8. Bel Canto by Ann Patchett. This is a fictionalized telling of a real life hostage situation in Lima, Peru in 1996. In the book terrorists overtake the Japanese embassy, holding dozens of men and one woman, a world-famous opera singer, hostage. Explores relationships developed between terrorist and hostage. Another fantastic and long discussion about loyalty and love, and of course, the power of music. Added bonus: Opera Cake was served!

8. The Necklace: Thirteen Women and The Experiment That Transformed Their Lives by Cheryl Jarvis. True story of 13 women who bought and shared a diamond necklace. Not the best book we’ve ever read, but absolutely one of our best discussions ever. We talked about friendship, privilege, class, coveting, jewelry, husbands, divorce, children and so much more.

9. Born To Run – A Hidden Tribe, Superathletes, and the Greatest Race the World Has Never Seen by Christopher McDougall. Fascinating non-fiction selection about ultra-running, the Tarahumara tribe of Mexico, anthropology and the sneaker industry. None of us could put it down even though many of us have never enjoyed running personally. Fascinating discussion about marketing, endurance, cultures.

What book has YOUR Book Club actually discussed?  Please share!

About Anne McKernan

Once upon a time Anne McKernan, a very tired mother of two, walked in to a library ... the next thing she knew she was leading her town library's story time programs. Read more at http://itsybitsymom.wordpress.com

Comments

  1. I’m not apart of a book club, sadly, but I’ve always wanted to be. I just can’t seem to find one around where I live. Maybe that will be a goal in 2014 and if I can’t find one, maybe I should just make one. 😉 Thanks for the book suggestions, I’ve written them down.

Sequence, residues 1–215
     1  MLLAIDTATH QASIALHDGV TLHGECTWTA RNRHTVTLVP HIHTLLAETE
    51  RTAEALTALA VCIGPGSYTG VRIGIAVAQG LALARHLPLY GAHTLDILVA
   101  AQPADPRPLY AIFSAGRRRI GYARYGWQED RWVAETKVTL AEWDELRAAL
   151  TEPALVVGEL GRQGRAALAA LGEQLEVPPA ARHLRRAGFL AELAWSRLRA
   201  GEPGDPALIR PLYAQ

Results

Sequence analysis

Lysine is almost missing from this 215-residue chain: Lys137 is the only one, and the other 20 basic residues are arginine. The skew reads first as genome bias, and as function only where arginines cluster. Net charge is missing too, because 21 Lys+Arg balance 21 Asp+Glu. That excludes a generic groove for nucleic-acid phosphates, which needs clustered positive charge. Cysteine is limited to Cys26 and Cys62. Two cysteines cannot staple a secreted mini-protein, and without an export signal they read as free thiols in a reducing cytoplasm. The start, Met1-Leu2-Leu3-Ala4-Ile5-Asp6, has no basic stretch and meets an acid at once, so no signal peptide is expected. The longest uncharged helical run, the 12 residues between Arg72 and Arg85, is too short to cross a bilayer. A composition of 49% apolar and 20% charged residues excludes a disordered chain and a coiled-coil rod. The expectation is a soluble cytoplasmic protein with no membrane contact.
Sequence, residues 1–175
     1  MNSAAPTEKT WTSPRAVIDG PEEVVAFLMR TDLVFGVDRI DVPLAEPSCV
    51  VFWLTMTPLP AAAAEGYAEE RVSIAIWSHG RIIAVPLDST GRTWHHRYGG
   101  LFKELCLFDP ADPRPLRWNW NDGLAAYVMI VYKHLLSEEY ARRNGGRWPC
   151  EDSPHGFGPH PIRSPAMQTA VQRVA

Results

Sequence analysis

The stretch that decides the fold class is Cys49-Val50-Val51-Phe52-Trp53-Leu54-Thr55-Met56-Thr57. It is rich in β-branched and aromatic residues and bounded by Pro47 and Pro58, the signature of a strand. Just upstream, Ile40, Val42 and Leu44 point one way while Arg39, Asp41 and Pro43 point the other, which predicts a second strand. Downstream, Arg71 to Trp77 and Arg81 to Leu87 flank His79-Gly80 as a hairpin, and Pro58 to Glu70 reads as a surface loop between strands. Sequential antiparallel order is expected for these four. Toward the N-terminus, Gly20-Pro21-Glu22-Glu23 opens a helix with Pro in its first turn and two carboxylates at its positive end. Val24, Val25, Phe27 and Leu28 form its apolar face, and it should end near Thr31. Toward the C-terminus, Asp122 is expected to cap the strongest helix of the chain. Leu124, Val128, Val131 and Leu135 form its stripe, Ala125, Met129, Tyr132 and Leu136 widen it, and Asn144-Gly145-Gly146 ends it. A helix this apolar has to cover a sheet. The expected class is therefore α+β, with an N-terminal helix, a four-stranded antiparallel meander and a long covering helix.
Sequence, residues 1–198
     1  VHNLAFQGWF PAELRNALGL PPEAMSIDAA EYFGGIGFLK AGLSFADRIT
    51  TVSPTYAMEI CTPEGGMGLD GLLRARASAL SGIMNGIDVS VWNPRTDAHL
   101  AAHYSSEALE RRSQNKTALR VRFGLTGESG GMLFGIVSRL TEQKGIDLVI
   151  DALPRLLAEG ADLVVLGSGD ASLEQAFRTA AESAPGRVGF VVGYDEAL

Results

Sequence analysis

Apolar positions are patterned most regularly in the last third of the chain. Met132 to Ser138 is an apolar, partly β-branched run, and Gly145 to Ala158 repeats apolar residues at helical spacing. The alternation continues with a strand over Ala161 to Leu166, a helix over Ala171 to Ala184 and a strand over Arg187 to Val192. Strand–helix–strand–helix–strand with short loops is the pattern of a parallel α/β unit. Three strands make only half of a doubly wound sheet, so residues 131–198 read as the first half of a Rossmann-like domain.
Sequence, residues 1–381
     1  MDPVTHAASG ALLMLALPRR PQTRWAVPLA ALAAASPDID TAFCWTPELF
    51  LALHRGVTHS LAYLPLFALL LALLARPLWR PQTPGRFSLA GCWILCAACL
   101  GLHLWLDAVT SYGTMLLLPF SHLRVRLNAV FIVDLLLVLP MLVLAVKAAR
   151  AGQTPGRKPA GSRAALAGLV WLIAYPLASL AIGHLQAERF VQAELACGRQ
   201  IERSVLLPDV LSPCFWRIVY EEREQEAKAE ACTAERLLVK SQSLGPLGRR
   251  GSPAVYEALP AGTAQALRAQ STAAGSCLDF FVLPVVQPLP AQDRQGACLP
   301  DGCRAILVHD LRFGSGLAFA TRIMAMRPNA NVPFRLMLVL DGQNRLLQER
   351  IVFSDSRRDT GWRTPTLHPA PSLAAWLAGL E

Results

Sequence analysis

• Great goal! Check out local bookstores and libraries, sometimes they have book clubs. I’ve also been in book clubs where I got one or two people who shared an interest in starting a club and I asked them to each bring an additional friend. Or try hanging a poster at your kid’s school, church, grocery store or library! There are also on-line book clubs! I love mine – and it MAKES me read. Yes, I love to read and read all the time, but when things get busy I slack off sometimes – I am much more eager to read regularly if I know I have a deadline!! Please let us know what you think of the books!

  2. I’m not in a book club, but yours sounds like a lot of fun. I’m looking for something different to read since I’ve been in a rut, so I must check into some of these.
    Visiting from A to Z ~

  3. You’re so lucky! Like some of the other commentators, I would love to be a member of a really good book club. Hard to find! I am, however, a huge fan of libraries… Magical portals to the unknown! (http://www.hjblenkinsop.com)

  4. I would love to join a book club, I was part of one for a few months at university but I only attended a couple of sessions. I’ll have to see if I can find one nearby.
    I’m an A to Z helper this year, so I’ll be checking back to make sure everything’s OK :)

    • Thank you for helping Laura – I think we are off to a great start! I hope you can find or start a book club soon! Please let us know if you try any of these books!

  5. Loved the insight on why the books made the top 9 list. But why 9 instead of the traditional Top 10?
    Happy A to Z blogging. I will come back with interest to see what is next.

  6. I’ve always wanted to be part of a club. But soon, when I move to Scotland over the summer. Read about my adventures with Literature
    http://effervescencia.blogspot.in/2014/04/c-is-for-critical-analysis.html